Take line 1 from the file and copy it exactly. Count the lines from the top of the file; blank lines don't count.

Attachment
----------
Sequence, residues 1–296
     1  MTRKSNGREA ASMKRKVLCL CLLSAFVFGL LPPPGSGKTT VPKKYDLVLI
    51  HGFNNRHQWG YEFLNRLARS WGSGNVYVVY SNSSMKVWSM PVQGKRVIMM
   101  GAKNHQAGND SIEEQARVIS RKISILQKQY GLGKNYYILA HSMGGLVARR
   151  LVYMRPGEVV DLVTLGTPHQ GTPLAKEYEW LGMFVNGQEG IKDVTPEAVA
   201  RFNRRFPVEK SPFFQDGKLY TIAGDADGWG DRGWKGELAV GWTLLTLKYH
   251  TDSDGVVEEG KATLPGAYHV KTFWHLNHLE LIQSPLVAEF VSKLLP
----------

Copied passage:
Sequence, residues 1–296